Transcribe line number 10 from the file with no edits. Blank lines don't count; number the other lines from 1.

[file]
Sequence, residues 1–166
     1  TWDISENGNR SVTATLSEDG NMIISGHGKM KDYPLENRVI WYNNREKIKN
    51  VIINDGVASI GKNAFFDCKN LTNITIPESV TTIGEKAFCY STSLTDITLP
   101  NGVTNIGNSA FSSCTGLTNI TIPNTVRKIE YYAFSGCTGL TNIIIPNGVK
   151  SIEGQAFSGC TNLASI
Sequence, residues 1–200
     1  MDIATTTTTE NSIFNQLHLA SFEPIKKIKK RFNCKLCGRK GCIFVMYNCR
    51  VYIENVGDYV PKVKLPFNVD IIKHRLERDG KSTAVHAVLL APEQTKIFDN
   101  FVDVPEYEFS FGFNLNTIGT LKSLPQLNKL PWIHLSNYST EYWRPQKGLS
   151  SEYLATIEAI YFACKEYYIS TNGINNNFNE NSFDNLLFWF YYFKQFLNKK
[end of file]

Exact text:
   151  SEYLATIEAI YFACKEYYIS TNGINNNFNE NSFDNLLFWF YYFKQFLNKK